I think this type of response, described by Boff, is the type of response which Jesus describes in our Gospel reading today, being “dressed for action” and having our “lamps lit,” making our treasure in heaven by our works of mercy and charity, through our voluntary poverty. So too in Isaiah when God tells Israel, and us, to cease evil and learn to do good; to seek justice and rescue the oppressed; to defend the orphan and plead for the widow.
This Wednesday is the feast day of Saint Clare of Assisi. Now, Clare is my favorite capital-S Saint because she’s the patron saint of television, which makes her in an indirect sort of way the patron saint of Buffy the Vampire Slayer. But Clare, who ran away from her aristocratic family to join Saint Francis in his example of God-devoted poverty, also models for us the Gospel call we’ve heard read today.
But let’s be frank: the type of response we hear called for in today’s readings, that we see in the life of Clare, is not one that can come out of obedience alone, a response only to the mere commands of a perceived spiritual authority. All the threats in the world will do no more than compel us to do -- reluctantly -- the very least of what is called of us.
And that’s not good enough. Isaiah tells how the Israelites’ offering of sacrifices and their keeping of festivals brought no delight in God, for the people had turned away from God’s will in spirit.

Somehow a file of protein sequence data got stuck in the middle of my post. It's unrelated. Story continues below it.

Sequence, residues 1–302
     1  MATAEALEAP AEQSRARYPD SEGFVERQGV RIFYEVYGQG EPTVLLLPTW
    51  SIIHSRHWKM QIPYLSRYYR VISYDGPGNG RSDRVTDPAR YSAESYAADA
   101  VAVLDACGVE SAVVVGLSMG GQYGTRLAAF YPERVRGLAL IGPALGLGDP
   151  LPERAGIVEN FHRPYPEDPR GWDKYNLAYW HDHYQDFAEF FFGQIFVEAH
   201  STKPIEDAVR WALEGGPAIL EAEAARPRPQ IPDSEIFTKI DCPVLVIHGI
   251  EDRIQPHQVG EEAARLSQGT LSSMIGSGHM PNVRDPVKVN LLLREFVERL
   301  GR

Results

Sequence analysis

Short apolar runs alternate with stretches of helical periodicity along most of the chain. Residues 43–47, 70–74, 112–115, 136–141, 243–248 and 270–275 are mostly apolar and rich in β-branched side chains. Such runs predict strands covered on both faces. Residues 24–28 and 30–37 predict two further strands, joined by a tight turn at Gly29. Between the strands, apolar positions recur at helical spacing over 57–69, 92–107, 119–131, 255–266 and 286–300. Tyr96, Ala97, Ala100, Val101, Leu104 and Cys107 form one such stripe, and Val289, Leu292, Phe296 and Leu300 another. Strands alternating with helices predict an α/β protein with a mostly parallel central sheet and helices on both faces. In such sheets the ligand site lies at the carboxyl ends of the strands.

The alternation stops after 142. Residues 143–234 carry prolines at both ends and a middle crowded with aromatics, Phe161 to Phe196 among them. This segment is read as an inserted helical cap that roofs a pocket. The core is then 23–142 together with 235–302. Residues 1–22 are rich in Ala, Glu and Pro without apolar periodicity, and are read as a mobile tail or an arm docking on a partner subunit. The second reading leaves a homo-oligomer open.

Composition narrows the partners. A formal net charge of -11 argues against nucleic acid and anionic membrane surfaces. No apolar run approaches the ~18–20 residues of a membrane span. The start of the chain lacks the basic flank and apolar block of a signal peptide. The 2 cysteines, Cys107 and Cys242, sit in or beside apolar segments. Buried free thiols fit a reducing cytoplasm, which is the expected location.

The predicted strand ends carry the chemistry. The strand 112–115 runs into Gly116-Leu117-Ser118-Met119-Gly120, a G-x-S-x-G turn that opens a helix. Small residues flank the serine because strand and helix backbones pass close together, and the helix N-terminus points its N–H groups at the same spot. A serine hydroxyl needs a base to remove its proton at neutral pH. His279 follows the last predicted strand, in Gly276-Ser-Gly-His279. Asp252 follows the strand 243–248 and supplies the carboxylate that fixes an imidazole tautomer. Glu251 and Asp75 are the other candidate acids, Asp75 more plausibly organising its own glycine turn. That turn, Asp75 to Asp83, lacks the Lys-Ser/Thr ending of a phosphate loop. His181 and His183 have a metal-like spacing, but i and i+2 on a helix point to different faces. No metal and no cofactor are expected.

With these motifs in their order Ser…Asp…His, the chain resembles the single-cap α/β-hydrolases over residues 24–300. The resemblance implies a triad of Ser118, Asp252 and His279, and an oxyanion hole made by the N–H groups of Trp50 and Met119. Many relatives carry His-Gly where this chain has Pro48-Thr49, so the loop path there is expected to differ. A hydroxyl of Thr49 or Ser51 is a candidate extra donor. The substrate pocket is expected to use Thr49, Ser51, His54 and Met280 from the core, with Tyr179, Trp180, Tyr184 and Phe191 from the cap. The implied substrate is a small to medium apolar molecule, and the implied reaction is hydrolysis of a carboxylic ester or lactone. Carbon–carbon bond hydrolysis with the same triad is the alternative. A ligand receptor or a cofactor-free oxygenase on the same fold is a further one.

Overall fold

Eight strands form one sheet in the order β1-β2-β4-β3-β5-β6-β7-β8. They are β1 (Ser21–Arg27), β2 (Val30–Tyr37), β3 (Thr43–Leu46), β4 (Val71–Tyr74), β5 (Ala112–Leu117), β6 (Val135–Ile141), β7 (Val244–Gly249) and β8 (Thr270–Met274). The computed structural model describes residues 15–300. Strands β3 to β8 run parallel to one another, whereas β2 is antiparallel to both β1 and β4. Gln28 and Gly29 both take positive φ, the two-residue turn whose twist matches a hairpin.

The radical commitment we’ve heard described is only possible through being transformed by the Spirt so that we may abide in the love of Christ Jesus. This transformation is the legacy of our baptism, but it is not a free ride. Neither is it some massive mystical revelatory encounter where Jesus appears and sets all our doubts to rest. God knows I wouldn’t mind one of those, but it’s not necessary.
No, instead it takes active participation, both by us and by God, in an authentic encounter grounded in the activities of our everyday lives: coming to church on Sunday, listening to Father and meditating on his words--without necessarily always having to agree with them; praying and reading Scripture throughout the week; performing service for all our sisters and brothers and siblings here on planet Earth through our works of mercy and justice-seeking social action; engaging in conversation and discussion with other members of the Body of Christ--a process which should begin at coffee hour but not end there.
“Come now, let us argue it out, says the LORD.”
We must work to develop our faith lives, to question why we believe what we say we believe and why we do what we do. We cannot be afraid of the difficult questions, or be ashamed of those doubts which are a natural element of a mature faith.
“Come now, let us argue it out, says the LORD.”
We are called to challenge too-simple truths, to reject fallacious authority, to argue with our God. God does not need or want yes-men and yes-women and yes-persons: God is God, omnipotent, omniscient, omnipresent. God wants and needs a family of sisters and brothers and siblings in Christ--a communion of saints.
My hope and prayer for us, therefore, is that we may be inspired by the incredible faith of those who have gone before us that we may be empowered to follow the examples of the matriarchs, patriarchs, prophets, and saints: that of Abraham and Sarah, of Jacob, of Moses, Aaron, and Miriam, of Clare and Francis, and -- perhaps most of all -- of that annoying little child, incessantly asking . . . “Why?”